What Will It Take for the Climate Movement to Win?

Blockades get the goods—and history proves it.

by Nicholas Beuret

17 March 2022

Supporters of the Wet’suwet’en Nation camp at a railway blockade as part of protests against British Columbia’s Coastal GasLink pipeline, February 2020. Codie McLachlan/Reuters

All the pledges, promises and plans for tackling climate change have fallen short. Despite decades of mobilisations, protests and campaigns, the best the climate justice movement has secured is the promise that governments will limit future global warming to a disastrous 2.1C. Emissions, after a short fall during the pandemic, are rising again. New coal, oil and gas fields are being put into production, while continuing high oil prices and the war in the Ukraine are driving calls for more fracking and oil and gas production in the US.

As set out last month by the IPCC, climate change is taking place more rapidly and with more dramatic effects than previously predicted. There isn’t time to spare. It’s no surprise, then, that after 30 years of climate activism, many have begun to ask: if what we’ve done so far has failed, what will it take to win?

State or sabotage?

Even the most optimistic of commentators argue that current government promises are far too meagre to actually be taken as solutions. At best, they are good first steps towards actual solutions. Yet despite decades of government failures, it is in governments that most of the climate movement puts its hope. As James Meadway writes, both green Keynesians such as Adam Tooze and eco-Leninists such as Andreas Malm call for a strong state to solve the climate crisis by imposing change on capitalism and recalcitrant elites alike.

The aim of this part of the climate movement has been to find the ‘right’ policy complex – some kind of win-win ‘green new deal’ acceptable to business, workers and government. This is because the sheer size of the problem of climate change requires a political actor that can work at national, regional and global scales. Despite past government failures, this part of the movement holds out hope that if we could only hit on the right policy complex, the crisis could be solved.

In recent years, government failures have also led to calls for a turn to sabotage, including blowing up pipelines. This isn’t a new call – ecotage has long been a (deliberately) unpublicised part of environmental protest. But as the climate crisis worsens, the idea that time has run out for policy solutions is starting to sound more like common sense. While some succumb to climate anxiety, others like Malm advocate for greater militancy from climate activists and the direct targeting of fossil fuel infrastructure.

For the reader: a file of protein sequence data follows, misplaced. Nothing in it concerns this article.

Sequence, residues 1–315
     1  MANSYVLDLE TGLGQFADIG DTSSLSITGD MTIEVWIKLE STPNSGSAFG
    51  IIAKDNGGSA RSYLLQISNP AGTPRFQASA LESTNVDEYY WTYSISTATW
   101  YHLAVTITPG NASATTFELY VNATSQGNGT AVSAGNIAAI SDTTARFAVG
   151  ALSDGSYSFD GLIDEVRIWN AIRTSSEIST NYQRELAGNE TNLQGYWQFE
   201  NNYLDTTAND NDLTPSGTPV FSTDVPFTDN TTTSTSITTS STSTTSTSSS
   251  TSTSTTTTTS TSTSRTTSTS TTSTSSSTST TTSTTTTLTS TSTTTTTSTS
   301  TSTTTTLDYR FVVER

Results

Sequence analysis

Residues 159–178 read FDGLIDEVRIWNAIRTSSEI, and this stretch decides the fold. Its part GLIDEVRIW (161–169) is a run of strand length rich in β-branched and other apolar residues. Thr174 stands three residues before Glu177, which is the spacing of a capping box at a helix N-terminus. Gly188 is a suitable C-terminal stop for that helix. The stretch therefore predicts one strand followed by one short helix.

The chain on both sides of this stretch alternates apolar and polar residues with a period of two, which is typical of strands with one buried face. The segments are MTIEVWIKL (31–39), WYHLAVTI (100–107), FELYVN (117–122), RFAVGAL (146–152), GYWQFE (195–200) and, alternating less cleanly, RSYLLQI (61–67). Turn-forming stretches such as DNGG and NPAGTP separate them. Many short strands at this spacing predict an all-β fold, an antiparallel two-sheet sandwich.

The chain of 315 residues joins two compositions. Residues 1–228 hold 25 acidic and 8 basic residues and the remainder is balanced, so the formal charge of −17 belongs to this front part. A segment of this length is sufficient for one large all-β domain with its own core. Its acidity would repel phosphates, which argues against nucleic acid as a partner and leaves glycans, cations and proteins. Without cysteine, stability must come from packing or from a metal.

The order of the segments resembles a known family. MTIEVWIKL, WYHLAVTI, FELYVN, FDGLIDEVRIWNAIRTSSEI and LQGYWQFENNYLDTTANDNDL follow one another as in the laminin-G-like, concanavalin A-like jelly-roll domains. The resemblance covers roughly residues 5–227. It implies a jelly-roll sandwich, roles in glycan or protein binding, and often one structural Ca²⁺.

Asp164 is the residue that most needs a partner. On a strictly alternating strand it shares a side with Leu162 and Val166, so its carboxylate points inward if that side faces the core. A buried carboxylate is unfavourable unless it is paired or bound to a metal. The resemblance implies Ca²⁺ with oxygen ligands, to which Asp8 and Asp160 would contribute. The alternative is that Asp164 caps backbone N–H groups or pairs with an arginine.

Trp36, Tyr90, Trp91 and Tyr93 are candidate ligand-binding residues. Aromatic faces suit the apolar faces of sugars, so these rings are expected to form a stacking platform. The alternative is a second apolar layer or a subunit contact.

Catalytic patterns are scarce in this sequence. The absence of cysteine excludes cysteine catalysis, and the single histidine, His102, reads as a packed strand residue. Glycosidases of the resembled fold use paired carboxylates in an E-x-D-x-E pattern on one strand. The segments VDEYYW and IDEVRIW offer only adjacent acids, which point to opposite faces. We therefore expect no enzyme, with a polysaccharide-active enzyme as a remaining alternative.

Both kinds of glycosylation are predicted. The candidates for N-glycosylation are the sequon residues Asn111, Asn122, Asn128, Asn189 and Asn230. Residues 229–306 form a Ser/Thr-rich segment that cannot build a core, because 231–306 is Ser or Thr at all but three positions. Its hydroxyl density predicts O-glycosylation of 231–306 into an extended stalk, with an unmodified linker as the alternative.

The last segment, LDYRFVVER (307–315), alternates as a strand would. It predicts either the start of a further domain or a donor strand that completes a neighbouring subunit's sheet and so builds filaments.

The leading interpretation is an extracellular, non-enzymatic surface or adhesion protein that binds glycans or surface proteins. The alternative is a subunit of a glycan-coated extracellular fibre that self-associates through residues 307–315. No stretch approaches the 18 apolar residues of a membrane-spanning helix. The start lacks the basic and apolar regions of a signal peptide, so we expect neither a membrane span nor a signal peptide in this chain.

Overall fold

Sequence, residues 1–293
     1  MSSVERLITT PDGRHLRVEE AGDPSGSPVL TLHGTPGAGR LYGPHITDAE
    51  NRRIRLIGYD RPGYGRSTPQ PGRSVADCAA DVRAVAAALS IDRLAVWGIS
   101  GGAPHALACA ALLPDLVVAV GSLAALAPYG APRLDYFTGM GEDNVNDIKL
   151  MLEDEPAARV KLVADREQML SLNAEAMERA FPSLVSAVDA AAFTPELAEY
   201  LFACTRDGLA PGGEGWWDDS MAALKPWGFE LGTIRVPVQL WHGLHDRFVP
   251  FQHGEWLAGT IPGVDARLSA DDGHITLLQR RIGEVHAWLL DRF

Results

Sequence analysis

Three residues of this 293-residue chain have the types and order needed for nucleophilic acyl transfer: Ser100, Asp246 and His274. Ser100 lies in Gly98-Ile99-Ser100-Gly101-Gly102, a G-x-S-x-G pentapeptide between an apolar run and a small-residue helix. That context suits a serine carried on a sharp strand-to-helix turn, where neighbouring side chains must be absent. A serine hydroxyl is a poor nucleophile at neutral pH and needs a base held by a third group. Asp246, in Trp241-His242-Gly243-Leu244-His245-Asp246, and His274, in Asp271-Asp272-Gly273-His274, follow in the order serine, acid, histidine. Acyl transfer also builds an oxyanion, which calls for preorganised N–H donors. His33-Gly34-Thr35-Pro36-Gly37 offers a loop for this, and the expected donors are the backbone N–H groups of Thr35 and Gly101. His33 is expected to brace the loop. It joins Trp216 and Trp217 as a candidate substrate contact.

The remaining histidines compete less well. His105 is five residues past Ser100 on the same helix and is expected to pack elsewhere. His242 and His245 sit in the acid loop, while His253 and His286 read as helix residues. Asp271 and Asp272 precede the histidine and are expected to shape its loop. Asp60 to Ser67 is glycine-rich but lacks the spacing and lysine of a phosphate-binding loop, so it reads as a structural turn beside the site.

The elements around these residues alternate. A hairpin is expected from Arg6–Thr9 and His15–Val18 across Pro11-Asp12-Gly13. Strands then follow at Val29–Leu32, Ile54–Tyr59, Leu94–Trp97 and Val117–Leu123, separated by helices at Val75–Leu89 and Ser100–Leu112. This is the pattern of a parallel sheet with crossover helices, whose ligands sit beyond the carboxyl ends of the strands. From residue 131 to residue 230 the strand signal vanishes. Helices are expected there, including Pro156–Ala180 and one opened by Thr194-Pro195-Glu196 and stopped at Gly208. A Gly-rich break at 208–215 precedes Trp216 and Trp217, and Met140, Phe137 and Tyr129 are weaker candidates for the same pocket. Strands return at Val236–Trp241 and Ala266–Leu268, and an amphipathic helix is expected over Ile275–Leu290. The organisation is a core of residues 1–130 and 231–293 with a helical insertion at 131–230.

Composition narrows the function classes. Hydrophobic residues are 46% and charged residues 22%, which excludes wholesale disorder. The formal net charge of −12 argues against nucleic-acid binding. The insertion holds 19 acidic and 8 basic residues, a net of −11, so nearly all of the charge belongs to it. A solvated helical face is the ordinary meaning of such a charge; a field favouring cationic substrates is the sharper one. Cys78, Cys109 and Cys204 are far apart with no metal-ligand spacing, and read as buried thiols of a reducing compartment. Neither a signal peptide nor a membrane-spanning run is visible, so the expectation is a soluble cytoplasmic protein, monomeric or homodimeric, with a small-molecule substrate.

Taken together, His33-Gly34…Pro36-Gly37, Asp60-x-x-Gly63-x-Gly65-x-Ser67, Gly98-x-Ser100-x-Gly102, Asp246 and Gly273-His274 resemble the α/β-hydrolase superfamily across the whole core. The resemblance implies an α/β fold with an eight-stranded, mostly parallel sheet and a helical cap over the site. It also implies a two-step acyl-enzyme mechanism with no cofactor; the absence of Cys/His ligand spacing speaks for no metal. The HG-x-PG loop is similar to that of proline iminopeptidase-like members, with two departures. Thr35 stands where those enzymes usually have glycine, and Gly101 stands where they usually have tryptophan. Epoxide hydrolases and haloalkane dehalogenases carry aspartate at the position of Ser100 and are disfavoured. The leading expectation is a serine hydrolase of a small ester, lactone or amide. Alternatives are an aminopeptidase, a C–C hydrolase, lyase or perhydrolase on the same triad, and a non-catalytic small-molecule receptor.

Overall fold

While we might think of these two calls as strategically opposed, in truth they have a common basis. Both start from a lack of faith in the existing climate movement, and champion change via policy on the one hand and change via heroism on the other. Both seek to do what the movement seemingly can’t; that is, finally bring about the change we need. 

Neither strategy, however, aims to build the climate movement. Yes, both include plans for what the movement should do. But prescriptions don’t build a movement that can either force policy on government or sustainably sabotage fossil fuel infrastructure – let alone take any other form of action. They are strategic orientations for a movement we don’t have. What we need is a plan for building the power and size of the movement we do have.

Direct action is sustained disruption.

Sabotage is just one aspect of direct action – a broad range of political actions that seek to actively and directly disrupt something: the workings of a business or factory, a mine or an industrial agricultural farm. The environment movement has a long history of taking direct action – against the construction of dams and roads, against logging and mining, against whaling and GMOs. This history is one of innumerable victories.

In one of the largest studies of contemporary direct actions, it was found that over a quarter of “place-based movements” were successful, with projects being “shelved, suspended or delayed”. From victories against fracking in England to successful pipeline struggles in the US, from campaigns against mining in Serbia to resistance to fossil fuel extraction in Ecuador and Bolivia, direct action has achieved actual change.

It’s not hard to find examples of successful direct action campaigns. But it is hard to find examples of direct action campaigns in the context of recent UK environmental activism. Often what is called direct action is just the short term disruption of roads, trains or buildings – what we might otherwise call ‘militant stunts’ (the sort Extinction Rebellion specialises in). These stunts can be powerful, yes – but they aren’t direct action.

Direct action isn’t a stunt, but sustained disruption. It works not (primarily) because of its impact on public opinion, but because the disruption causes the mine, logging, road-building or construction project to stop. The key difference is that direct action lasts as long as it needs to to meet its specific goal – often months, if not years.

Historically, the environment movement’s successes have often come from the threat of sustained direct action. Protests, stunts, policy advocacy and divestment campaigns have all worked because of the constant threat of this action. But for that threat to be real, it needs to be conducted at length. Building a successful direct action campaign therefore demands a form of organisation that not only shuts something down, but produces the ability to sustain that shutdown. This is what we call a blockade.

Blockades get the goods.